Drew Houston Dropbox founder CEO

  • Dropbox is aiming to have its IPO in the first half of 2018, according to reports.
  • Analysts aren’t at all surprised, but have a few things at front of mind when it comes to anticipating how Dropbox will do as a public company.
  • The market for collaboration tools is huge, analysts say, but Dropbox needs to focus in on appealing to enterprise customers.

Dropbox has earned a consumer-friendly reputation by making it easy for non-techies to store family photos, school homework and other digital knick-knacks on the popular online service it launched ten years ago.

But as the company prepares sell shares to the public in an IPO, it will need to button-up its image and win the favor, and the budgets, of picky business customers, according to analysts who follow the company.

The simple function of storing content is pretty well commoditized now and most of the people who are going to use that function are already using it,” said Terry Frazier, a research director at industry research firm IDC.

The big growth for Dropbox, he says, will come by providing “increased functionality capabilities for business and enterprise customers.”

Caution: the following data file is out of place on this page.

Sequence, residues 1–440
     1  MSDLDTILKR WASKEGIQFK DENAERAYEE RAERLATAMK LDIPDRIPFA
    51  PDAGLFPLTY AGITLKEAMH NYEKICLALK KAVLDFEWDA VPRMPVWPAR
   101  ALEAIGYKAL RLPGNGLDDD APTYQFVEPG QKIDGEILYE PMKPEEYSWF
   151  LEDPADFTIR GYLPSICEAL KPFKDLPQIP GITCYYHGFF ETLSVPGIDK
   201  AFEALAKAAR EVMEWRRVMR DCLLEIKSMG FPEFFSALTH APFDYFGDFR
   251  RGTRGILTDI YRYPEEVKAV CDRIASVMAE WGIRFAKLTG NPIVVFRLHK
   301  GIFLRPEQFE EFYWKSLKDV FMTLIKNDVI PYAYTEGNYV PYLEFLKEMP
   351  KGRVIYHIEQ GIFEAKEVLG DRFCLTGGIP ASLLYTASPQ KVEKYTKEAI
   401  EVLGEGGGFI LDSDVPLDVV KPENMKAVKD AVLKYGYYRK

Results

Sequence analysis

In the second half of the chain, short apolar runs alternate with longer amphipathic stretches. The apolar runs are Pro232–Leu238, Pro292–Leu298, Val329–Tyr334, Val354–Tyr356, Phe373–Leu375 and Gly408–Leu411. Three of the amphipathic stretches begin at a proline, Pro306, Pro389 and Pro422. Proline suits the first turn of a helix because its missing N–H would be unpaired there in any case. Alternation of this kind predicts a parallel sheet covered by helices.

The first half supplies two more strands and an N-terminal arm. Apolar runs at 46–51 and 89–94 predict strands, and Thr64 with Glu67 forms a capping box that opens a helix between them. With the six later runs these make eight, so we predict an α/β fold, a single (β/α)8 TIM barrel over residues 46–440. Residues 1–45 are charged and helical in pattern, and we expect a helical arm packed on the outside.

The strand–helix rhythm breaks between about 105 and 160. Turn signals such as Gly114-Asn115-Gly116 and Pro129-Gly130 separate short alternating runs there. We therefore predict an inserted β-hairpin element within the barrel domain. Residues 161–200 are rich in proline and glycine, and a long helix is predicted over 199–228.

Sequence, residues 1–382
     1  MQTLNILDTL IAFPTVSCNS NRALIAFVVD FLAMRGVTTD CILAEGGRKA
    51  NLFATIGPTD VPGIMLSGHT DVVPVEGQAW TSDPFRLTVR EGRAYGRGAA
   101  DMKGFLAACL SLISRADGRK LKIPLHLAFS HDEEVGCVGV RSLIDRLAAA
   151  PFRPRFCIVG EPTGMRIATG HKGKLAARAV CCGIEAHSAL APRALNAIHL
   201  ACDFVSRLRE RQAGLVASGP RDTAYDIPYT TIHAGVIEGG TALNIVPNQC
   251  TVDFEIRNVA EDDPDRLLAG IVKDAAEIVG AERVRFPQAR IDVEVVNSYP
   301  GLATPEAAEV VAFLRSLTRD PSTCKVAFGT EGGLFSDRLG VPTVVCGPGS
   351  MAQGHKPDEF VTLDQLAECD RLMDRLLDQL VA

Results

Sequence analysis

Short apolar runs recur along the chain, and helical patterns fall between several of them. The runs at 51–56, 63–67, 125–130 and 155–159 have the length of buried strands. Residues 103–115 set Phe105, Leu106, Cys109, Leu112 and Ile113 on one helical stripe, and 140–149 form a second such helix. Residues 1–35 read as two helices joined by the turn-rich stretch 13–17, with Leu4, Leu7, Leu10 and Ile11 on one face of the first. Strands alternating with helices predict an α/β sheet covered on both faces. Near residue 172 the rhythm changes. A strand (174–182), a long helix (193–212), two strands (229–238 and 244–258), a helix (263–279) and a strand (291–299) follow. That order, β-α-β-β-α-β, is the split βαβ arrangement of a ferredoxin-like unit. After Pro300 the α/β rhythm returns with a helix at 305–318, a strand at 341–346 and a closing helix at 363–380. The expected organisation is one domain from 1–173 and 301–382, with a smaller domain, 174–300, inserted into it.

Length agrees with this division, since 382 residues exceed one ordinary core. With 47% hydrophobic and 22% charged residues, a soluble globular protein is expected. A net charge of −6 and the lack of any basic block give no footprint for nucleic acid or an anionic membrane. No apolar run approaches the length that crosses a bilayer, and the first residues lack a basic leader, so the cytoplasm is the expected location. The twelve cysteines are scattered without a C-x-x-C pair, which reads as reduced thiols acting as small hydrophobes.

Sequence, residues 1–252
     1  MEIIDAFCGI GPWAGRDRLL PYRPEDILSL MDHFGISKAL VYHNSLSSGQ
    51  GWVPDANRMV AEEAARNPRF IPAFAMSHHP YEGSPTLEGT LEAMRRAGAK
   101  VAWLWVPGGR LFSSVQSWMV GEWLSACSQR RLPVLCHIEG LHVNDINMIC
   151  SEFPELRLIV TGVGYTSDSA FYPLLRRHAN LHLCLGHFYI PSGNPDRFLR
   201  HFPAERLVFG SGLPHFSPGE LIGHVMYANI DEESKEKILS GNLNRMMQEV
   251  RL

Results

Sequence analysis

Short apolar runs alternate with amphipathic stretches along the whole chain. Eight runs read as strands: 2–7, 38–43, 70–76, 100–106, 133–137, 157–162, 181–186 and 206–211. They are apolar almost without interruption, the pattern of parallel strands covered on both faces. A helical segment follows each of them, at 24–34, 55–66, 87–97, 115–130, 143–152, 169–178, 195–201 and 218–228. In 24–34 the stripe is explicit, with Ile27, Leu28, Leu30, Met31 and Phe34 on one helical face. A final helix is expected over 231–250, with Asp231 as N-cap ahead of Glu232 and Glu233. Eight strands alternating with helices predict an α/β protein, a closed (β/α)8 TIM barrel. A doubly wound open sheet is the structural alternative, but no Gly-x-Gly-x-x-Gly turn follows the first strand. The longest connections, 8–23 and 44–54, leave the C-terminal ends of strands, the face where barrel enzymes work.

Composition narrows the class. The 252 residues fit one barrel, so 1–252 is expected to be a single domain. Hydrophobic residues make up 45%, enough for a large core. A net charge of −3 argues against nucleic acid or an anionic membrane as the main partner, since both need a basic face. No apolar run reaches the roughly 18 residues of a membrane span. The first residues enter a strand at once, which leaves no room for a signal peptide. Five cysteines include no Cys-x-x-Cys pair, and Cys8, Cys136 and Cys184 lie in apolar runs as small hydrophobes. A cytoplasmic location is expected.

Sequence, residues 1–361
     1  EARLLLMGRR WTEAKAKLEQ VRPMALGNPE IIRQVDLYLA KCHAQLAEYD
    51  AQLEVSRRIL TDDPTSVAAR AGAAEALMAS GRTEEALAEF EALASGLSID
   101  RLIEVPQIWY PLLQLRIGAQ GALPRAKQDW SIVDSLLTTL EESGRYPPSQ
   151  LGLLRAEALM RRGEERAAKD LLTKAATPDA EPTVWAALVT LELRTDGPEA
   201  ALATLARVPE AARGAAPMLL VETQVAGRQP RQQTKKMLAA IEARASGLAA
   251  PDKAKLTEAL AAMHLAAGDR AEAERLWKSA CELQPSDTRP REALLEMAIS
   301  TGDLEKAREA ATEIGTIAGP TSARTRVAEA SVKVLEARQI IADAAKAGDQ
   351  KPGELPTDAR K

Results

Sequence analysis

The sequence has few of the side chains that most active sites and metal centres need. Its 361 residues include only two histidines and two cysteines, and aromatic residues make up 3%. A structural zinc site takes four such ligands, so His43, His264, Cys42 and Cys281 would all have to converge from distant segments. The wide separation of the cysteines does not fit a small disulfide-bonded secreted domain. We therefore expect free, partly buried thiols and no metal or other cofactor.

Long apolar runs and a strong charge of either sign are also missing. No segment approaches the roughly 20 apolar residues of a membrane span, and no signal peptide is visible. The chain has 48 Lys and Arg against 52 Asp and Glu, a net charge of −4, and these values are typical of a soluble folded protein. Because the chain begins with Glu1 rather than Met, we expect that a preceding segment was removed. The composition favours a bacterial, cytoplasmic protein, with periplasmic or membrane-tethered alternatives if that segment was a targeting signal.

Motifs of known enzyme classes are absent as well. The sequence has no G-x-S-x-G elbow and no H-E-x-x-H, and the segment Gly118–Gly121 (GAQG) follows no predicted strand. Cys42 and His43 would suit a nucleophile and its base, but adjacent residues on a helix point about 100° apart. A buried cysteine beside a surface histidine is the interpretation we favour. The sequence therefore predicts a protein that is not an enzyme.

Dropbox secretly filed the paperwork for an IPO, according to a Bloomberg report on Thursday.

The IPO has long been rumored to be in the works, and given Dropbox’s last reported private market valuation of $10 billion, it’s expected to be one of the biggest public offerings in tech this year.

Many of the details, including the size and valuation of Dropbox’s planned IPO, are still unknown. The lens through which Wall Street will assess this big tech IPO is not ideal, however: Snap’s much-hyped 2017 IPO has proven disappointing, with the stock now trading below its offering price.

And Dropbox’s closest parallel in the public markets, Box, has Read More Here